According to anonymous sources cited by Nikkei Asian Review, Apple may be working on its own power management chips that can be used in its iPhones as early as next year. The company currently buys these chips from an UK-based semiconductor company called Dialog Semiconductors, whose share prices plummeted more than 20% after this report.
According to the report, though, there’s no real clarity on how long it will take for Apple to get its in-house power chips ready for prime-time. While one of the sources claim that they will be used in the next-gen iPhones to be released in 2018, another source apparently told the publication that the chips might not be ready until 2019.
Power management chips handle tasks like charging and discharging of batteries, making them critical components in today’s electronic gadgets. Apple’s new chip will reportedly be the “most advanced” in its category and, have better power monitoring capabilities than others. While there’s no immediate word on who will be entrusted with the manufacturing responsibilities of these rumored chips, sources cited by NAR claim that TSMC will very likely be the beneficiary.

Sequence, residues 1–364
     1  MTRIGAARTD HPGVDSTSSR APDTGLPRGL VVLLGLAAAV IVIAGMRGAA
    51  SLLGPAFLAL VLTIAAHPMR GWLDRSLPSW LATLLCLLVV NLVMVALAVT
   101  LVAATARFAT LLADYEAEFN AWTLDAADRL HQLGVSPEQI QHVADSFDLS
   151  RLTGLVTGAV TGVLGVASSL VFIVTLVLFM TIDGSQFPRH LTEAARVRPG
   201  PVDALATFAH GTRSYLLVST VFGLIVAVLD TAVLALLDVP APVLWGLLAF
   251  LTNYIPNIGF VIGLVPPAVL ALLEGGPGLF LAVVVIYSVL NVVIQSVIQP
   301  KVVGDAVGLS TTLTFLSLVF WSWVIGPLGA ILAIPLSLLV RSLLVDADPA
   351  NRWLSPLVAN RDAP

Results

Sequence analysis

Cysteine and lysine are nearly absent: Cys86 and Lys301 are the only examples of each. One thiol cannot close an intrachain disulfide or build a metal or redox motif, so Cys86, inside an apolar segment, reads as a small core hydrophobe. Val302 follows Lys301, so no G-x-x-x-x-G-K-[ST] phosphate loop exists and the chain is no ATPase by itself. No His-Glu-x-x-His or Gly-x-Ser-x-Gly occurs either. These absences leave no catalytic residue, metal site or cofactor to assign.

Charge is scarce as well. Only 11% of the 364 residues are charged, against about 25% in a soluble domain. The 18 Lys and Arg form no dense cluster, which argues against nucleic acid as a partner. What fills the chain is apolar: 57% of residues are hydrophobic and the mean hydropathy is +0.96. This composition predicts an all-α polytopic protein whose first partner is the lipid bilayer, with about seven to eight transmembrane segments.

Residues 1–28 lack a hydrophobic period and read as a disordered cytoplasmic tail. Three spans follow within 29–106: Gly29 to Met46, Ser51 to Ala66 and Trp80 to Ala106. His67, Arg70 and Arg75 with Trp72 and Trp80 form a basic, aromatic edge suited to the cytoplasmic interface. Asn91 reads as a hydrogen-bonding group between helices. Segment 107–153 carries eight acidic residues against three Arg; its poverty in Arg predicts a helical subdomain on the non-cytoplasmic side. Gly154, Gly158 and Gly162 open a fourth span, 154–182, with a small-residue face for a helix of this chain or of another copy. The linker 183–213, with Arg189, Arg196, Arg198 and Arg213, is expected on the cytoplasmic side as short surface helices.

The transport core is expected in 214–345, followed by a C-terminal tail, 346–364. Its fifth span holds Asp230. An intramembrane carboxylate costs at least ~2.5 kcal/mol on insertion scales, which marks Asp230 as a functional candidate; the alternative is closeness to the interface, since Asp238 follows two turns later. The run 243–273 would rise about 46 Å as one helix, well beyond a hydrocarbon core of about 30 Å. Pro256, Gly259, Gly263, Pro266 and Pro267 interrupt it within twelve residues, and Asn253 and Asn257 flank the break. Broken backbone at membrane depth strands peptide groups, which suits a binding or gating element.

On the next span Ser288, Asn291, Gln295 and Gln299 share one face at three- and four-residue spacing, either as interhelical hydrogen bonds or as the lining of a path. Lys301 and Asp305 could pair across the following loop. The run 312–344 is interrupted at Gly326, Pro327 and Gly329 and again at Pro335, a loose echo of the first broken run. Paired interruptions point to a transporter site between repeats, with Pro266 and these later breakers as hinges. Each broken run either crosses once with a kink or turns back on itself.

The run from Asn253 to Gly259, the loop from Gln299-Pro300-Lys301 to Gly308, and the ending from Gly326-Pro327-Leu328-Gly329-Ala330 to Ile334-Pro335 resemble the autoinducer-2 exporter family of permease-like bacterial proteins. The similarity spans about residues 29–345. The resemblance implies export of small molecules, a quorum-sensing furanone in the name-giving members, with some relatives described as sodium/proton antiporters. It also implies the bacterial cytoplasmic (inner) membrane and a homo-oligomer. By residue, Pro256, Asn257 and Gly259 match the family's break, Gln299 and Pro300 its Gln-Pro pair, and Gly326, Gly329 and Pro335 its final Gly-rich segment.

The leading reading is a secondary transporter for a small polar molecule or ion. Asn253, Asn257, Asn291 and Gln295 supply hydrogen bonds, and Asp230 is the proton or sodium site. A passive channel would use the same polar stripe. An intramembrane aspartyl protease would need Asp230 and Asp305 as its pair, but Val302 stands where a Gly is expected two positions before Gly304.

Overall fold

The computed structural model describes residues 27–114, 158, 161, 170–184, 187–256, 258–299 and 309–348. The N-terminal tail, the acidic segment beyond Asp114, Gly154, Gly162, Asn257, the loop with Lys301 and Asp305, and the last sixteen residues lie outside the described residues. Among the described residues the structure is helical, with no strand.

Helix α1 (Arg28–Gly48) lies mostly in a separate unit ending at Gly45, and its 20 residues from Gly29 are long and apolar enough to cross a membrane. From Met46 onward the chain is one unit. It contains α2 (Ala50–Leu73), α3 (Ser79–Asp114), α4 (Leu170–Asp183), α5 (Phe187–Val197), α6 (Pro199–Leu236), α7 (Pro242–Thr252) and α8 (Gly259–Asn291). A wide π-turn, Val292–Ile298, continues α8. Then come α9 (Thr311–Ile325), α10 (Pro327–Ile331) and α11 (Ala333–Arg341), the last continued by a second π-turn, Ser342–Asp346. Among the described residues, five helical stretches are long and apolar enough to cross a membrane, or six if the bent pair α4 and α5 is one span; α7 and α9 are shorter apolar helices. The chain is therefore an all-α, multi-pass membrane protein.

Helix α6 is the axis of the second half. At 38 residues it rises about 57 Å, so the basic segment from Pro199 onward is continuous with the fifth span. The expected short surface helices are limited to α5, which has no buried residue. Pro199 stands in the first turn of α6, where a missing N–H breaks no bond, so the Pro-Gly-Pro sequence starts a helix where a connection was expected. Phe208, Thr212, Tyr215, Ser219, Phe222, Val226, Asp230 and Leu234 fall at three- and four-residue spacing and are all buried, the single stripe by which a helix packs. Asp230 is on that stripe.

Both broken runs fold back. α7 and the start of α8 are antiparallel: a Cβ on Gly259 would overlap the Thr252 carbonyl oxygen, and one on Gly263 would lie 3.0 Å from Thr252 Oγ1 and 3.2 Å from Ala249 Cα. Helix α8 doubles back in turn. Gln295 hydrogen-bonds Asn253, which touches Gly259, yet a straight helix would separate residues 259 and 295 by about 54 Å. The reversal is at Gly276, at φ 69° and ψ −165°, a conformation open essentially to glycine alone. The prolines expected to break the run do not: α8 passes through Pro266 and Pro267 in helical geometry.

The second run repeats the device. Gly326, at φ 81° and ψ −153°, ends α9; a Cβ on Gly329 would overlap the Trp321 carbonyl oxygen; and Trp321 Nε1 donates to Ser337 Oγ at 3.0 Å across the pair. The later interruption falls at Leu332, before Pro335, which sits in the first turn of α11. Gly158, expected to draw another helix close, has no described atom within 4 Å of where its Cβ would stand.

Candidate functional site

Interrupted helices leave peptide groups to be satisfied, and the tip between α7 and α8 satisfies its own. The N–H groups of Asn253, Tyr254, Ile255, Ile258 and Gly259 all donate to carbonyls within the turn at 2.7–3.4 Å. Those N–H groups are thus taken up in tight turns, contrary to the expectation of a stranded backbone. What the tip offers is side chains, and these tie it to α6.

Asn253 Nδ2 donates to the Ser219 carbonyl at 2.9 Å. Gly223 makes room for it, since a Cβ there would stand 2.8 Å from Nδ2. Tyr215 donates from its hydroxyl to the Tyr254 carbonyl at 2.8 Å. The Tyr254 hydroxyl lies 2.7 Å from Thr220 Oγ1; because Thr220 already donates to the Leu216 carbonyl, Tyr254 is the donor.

This is not the first time that Apple is taking up the challenge and responsibility of in-house chip design. The company already designs its own A-series chips that power its smartphones and tablets, with the latest A11 ‘Bionic’ chip said to be the fastest, most advanced mobile SoC in the world. Earlier this year, the company also announced that it will use its own GPU technology in its smartphones instead of paying license fees to Imagination Technologies for their intellectual property, sending its stock price crashing by over 70% on a single day last April.
Even as its stock prices are getting hammered at the stock exchanges, Dialog is putting up a brave front, releasing a cryptic statement about how its business as usual for the company. According a Dialog spokesperson, “The level of visibility into the design cycle of our leading customers remains unchanged and the business relationships are in line with the normal course of business”.